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References Bevington, David (Ed.). 2006. Richard III, Shakespeare’s Histories. Pearson Longman. Britten, Nick and Hough, Andrew. 2013. “Richard III: skeleton is the king.” The Telegraph, 4 February 2013. Connor, Steve. 2013. “DNA TESTS prove skeleton found in Leicestershire car park really is King Richard III.” The Independent, 4 February 2013. Cunningham, Sean. 2003. Richard III: A Royal Enigma. London: The National Archives. Darnton, Robert. 2000. Marele masacru al pisicii și alte episoade din istoria culturală a Franței. Iași: Polirom. Eldridge Carney, Jo

, Julia M. (Eds.). 2010. Reading the Nation in English Literature . London and New York: Routledge. Tennenhouse, Leonard. 1996. “Strategies of State and political plays: A Midsummer Night’s Dream, Henry IV, Henry V, Henry VIII” in Political Shakespeare. Essays in Cultural Materialism . Jonathan Dollimore and Alan Sinfield (Eds.). Manchester: Manchester University Press. Wegemer, Gerard. 2007. “Thomas More’s History of King Richard III: Educating citizens for self-government”. Thomas More Studies 2:38-48

, Julia M. (Eds.). 2010. Reading the Nation in English Literature . London and New York: Routledge. Tennenhouse, Leonard. 1996. “Strategies of State and political plays: A Midsummer Night’s Dream, Henry IV, Henry V, Henry VIII” in Political Shakespeare. Essays in Cultural Materialism . Jonathan Dollimore and Alan Sinfield (Eds.). Manchester: Manchester University Press. Wegemer, Gerard. 2007. “Thomas More’s History of King Richard III: Educating citizens for self-government”. Thomas More Studies 2:38-48.

, 1996. Pinter, Harold. Various Voices . London: Faber and Faber, 1999. Postman, Neil. The Disappearance of Childhood . London:Vintage/Random House, 1994 (1982). Shakespeare, William. King John . Hertforshire: Wordsworth Classics, 1996. Shakespeare, William. Richard III . New York: The Pelican Shakespeare, Penguin Books. 1984 (1959). Shakespeare, William. Macbeth . New York: Folger Library, 1973 (1959). Trevelyan, G.M.A. Shortened History of England . London: Penguin Books, 1987.

.V., Woosnam-Savage R.C., Morgan B., Brough A., Earp R.W., Robinson C., King T.E., Morris M., Buckley R., Perimortem trauma in King Richard III: a skeletal analysis, The Lancet, 2015, 385, 253-259 [11] McGuire B.P., Conflict and Continuity at Øm Abbey. A Cistercian Experience in Medieval Denmark, Museum Tusculanum, Copenhagen, 1976 [12] Olrik J., Isager J., Garner H.N. (trans.), Øm klosters krønike, Scriptorium, Øm Kloster Museum, Skanderborg, 1997 [13] Garner H.N., Øm kloster museum, Scriptorium (Ry Bogtryk, Rex), Ry, 1998 [14] Mollerup L., Begravelser ved Øm Kloster, In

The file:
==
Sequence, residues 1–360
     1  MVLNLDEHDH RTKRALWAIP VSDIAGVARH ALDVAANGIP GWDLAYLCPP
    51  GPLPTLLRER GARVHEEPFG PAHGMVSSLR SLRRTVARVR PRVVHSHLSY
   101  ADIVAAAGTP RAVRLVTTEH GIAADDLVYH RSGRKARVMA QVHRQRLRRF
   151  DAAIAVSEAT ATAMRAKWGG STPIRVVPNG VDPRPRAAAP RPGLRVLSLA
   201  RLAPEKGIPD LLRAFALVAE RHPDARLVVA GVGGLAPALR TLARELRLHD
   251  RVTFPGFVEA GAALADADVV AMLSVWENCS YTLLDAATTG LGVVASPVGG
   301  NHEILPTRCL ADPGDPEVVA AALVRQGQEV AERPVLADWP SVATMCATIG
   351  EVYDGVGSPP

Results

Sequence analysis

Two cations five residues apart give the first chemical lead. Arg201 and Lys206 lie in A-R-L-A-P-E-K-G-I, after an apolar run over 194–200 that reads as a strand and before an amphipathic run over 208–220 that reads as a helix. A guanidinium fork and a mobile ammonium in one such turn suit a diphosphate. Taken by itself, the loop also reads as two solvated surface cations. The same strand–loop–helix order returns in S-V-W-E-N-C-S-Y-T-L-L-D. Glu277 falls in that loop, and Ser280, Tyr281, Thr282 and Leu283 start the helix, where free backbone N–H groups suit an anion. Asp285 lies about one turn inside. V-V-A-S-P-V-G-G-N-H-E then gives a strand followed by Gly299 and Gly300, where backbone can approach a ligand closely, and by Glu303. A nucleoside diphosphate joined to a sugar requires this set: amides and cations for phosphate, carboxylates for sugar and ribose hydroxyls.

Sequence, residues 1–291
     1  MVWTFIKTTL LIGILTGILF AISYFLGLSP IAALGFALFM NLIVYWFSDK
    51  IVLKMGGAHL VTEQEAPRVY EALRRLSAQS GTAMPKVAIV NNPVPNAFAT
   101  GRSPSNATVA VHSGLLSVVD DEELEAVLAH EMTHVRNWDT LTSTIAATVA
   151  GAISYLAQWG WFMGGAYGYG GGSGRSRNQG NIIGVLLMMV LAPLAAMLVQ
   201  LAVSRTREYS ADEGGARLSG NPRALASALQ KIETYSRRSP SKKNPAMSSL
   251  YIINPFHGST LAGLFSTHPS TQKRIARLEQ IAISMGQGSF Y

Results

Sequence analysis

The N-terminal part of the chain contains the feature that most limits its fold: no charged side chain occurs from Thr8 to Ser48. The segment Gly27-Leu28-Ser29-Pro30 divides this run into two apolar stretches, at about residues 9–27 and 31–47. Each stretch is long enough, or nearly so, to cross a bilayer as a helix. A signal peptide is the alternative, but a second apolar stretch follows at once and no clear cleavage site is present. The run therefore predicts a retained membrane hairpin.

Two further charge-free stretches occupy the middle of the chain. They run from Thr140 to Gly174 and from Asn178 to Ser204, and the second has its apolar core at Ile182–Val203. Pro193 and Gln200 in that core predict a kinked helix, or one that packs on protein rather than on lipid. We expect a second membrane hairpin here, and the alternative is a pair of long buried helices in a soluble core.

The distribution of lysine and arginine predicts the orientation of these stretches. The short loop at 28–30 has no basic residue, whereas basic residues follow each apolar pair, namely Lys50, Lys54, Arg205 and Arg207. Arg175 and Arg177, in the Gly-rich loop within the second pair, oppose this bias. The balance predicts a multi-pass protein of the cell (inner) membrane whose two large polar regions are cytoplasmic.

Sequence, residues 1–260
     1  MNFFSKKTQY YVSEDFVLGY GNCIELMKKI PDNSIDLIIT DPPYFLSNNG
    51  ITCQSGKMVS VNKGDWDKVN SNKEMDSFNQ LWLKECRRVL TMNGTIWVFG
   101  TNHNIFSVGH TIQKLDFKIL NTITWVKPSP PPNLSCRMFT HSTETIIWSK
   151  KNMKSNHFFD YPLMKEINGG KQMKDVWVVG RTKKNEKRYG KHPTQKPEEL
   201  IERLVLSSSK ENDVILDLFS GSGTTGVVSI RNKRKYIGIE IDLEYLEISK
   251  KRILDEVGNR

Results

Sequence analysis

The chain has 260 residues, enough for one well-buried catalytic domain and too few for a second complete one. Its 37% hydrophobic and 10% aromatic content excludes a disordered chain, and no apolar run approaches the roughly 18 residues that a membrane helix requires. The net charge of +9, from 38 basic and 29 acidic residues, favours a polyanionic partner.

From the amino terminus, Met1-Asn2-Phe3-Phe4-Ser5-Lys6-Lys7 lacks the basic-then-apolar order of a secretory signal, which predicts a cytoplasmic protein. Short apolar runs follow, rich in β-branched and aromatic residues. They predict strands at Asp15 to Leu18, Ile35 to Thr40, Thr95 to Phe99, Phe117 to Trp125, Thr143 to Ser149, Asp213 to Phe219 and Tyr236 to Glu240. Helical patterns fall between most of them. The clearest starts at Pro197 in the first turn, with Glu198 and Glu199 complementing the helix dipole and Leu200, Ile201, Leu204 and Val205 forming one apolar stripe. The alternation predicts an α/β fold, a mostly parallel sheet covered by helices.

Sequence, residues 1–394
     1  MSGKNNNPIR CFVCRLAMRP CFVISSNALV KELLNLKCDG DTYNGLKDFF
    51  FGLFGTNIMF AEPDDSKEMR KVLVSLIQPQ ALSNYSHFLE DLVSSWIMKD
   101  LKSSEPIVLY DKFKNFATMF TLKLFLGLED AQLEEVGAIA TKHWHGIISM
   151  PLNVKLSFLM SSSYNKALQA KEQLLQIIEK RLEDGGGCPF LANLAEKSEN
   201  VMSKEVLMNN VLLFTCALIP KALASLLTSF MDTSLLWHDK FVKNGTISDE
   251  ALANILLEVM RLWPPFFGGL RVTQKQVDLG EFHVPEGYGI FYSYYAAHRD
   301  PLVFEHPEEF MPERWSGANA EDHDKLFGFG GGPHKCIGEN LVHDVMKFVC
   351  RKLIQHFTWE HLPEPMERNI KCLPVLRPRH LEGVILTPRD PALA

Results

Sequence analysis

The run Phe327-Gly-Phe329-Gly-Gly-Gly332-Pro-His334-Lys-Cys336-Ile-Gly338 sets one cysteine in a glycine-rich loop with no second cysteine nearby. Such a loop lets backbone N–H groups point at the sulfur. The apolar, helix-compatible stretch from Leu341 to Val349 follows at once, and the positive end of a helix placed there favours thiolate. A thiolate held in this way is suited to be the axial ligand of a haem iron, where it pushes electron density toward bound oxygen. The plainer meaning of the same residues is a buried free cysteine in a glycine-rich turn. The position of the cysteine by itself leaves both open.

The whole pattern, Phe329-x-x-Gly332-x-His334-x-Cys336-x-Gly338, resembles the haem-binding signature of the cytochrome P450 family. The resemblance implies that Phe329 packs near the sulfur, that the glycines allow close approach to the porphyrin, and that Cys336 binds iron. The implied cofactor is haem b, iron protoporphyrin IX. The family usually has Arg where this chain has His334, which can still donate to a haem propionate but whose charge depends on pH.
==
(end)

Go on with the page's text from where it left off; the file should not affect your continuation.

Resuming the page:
author worked herslef, the opinions and balance that do not dilute the asperities of an intrinsic dispute. So, all people interested in modern Romanian performance (but not only) are provided with a useful paper, the result of the author’s own reading of this phenomenon supported by solid analyses of performances selected for this research. The author focused on the soliloquy, used to create a corpus of reference texts (A Midsummer Night’s Dream, Richard III, Hamlet, King Lear, Twelfth Night) integrated into a permanent hermeneutic circuit going towards and

ones. The entry of the sprite Puck is carried out through a recitative monologue: Puck: Thou speak’st aright; I am that merry wanderer of the night. I jest to Oberon, and make him smile, When I a fat and bean-fed horse beguile, Neighing in likeness of a filly foal: And sometimes lurk I in a gossip’s bowl, In very likeness of a roasted crab […] This type of monologue can also cover descriptions of other characters or auto-characterizations, an example being the monologue of Richard III from the first act, scene 1: But, I, that am not shaped for sportive

: Royal badges . Woodbridge: Boydell Press. Siddons, M. P. (2009c). Heraldic badges in England and Wales: Volume II, part 2: Non-royal badges . Woodbridge: Boydell Press. Siddons, M. P. (2009d). Heraldic badges in England and Wales. Volume III: Ordinaries . Woodbridge: Boydell Press. Sutton, A. F., & Visser-Fuchs, L. (1992). Richard III’s books: Ancestry and ‘true nobility’. Ricardian , 119 (9), 343–358. Touw, M. (1982) Roses in the Middle Ages. Economic Botany , 36 (1), 71–83. Tseronis, A., & Forceville, C. (2009). Introduction. In A. Tseronis & C. Forceville

, in a certain way, the unity of being. (Omescu, 1999, p. 58) In fact – returning to a question that we were trying to elucidate – how does theory reflect in the stage practice? Was the director helped by the essayist? How did Omescu take over his hermeneutical “diaries”? The Shakespeare recital performed at the National Theatre in Iași was a successful one. The poet Emil Brumaru recalls this event, not without a wave of nostalgia: I was fortunate enough to see the scene of the steep conquest by Richard III, the crazy and ugly, of Lady Anne mourning after

possible. Are we talking only about those “character roles” mentioned by Stanislavsky? This reference can be considered since all those character roles require stage composition, the way Stanislavsky described his own acting experiences. But is this the only landmark? Should we label as composition roles only the characters that demand text-triggered stage composition? Indeed, there are characters that assume, within their construction, elements that do not belong to the actor as an individual. For example, they have various physical (Richard III) or mental (King